Vegas paid parking TPP

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Preventing Crashes Into Buildings

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Extending Parking Facility Life

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Connected Vehicles

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Committee Updates

MAY 2017

THE INTERNATIONAL PARKING INSTITUTE

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Beyond the Uproar

The tech that lets Las Vegas’s famous resorts charge for parking


Beyond

the

By Bill Smith

L

AS VEGAS HAS LONG BEEN KNOWN FOR BRIGHT LIGHTS AND LATE NIGHTS. Now, however, the Las Vegas Strip has assumed a new mantle: parking technology pioneer. After more than half a century of providing free parking to visitors and local residents, resorts up and down the Strip have begun to install parking technology designed to better manage parking resources and enhance the parking experience for guests. The trend started with MGM Resorts International, which installed parking technology at 11 of its properties, followed by Caesars Entertainment, which put parking suites in five properties. Other companies, including Wynn Resorts, have begun the planning process. According to MGM Resorts International, the impetus behind the program was a desire to improve the guest experience.

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“The parking process is our customers’ first and last touch-point with us. Our guests expect and deserve an enhancement to this aspect of our resort experience,” says Corey Sanders, MGM Resorts International chief operating officer. “We’ve taken into account our customer feedback and carefully planned these improvements to address some of their most common concerns—challenging navi-

PHOTOS PROVIDED BY TOM CALLINS / ISTOCK

When Las Vegas’ famous resorts started charging for parking last year it was heard worldwide. But you probably haven’t heard about the massive technology installation that made it possible.


CASE STUDY

gation and difficulty finding available spaces. We acknowledge that this aspect of our resort experience can be improved, and we’re taking an aggressive approach.”

The Starting Line MGM began the process in the summer of 2015 by establishing an internal parking task force. The task force evaluated the parking challenges presented by the parking facilities in their various properties and outlined a preliminary strategy for meeting those challenges. Through an RFP process, the company sought out parking partners and selected a team comprised of SP+, Sentry Control Systems, and INDECT USA. Sentry was chosen to create a technology suite that would provide a frictionless parking experience for guests and staff; INDECT was selected to create a parking guidance program to help parking.org/tpp

parkers quickly and conveniently find available parking spaces; and SP+ serves as MGM’s parking operator. Each was added to MGM’s parking task force. Ultimately, the task force settled on a plan that would lead to the creation and installation of a comprehensive parking technology program serving all of the company’s Las Vegas resorts, including MGM Grand Las Vegas, Bellagio, Mirage, Aria, Mandalay Bay, Delano Las Vegas, Monte Carlo, Luxor, Excalibur, Vdara, and New York New York. The $90 million program was the largest parking technology installation ever undertaken by a private company, permitting the management of 60,000 parking spaces throughout Las Vegas. The centerpiece of the MGM parking program is a SKIDATA access and revenue system that features state-of-the-art bar code readers, RFID technology, and mag strip readers. The equipment can MAY 2017 | INTERNATIONAL PARKING INSTITUTE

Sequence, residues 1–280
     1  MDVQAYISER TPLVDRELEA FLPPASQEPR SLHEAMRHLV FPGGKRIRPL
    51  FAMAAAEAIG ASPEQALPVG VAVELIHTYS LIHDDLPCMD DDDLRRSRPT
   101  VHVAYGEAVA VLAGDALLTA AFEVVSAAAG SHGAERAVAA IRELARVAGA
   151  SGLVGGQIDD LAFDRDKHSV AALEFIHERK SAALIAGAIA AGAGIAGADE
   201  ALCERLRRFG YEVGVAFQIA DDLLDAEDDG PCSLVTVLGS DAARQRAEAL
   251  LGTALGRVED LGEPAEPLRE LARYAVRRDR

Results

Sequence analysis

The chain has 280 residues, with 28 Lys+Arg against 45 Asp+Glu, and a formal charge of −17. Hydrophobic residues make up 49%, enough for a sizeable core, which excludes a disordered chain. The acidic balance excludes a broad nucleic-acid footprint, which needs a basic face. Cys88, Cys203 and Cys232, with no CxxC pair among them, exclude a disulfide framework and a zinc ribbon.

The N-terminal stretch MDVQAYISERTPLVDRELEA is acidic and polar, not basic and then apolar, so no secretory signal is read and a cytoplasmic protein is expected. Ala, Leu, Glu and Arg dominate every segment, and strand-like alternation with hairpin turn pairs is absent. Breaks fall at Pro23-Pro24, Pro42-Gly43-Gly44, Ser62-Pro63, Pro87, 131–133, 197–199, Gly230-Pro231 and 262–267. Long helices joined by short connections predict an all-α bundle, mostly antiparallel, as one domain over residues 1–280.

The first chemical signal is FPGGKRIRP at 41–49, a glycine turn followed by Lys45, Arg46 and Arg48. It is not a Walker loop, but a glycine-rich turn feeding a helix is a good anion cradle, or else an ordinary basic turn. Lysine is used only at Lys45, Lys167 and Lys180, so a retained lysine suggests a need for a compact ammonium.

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Some of the new additions to Las Vegas resort garages include sensors with green and red lights to help drivers quickly find available parking, and wayfinding signs to help them navigate after parking their cars.

read hotel room keys, employee badges, Nevada driver’s licenses, military IDs, and tickets to special events to admit vehicles and direct drivers to appropriate parking areas. The readers can also recognize the company’s proprietary M Life Loyalty program cards to provide complimentary parking to members. Parking privileges extend to other MGM resorts as well, permitting guests to visit other casinos without having to worry about paying for parking. Upon entering a garage at one of the MGM properties, license plate recognition (LPR) equipment records the driver’s vehicle information, associating that vehicle with the driver’s credentials. When the driver is ready to leave the garage the LPR system recognizes the vehicle license plate, and if the parking fee is satisfied the gate will open for the customer to exit. The entire transaction is completed without drivers having to stop at an exit gate.

Putting Guests First It was essential to MGM that the parking program provide guests a more pleasant and convenient parking experience. To that end, MGM initially installed INDECT single-space parking guidance systems at several properties, including the MGM Grand, Mandalay Bay, Monte Carlo, Aria Employee, and New York, New York parking structures. Sensors were later added at Bellagio and Aria. The sensors use a highly visible, LED lighting system to help drivers identify where parking can be found and guide them directly to open spaces. The parking management software associated with the sensors allows visitors to access additional customer service amenities, including loyalty program benefits and special validation offers. “Our customers have been pleasantly surprised by how much the technology has improved the parking experience,” says Travis Lunn, senior vice president for hotel operations at MGM Grand Las Vegas. “Many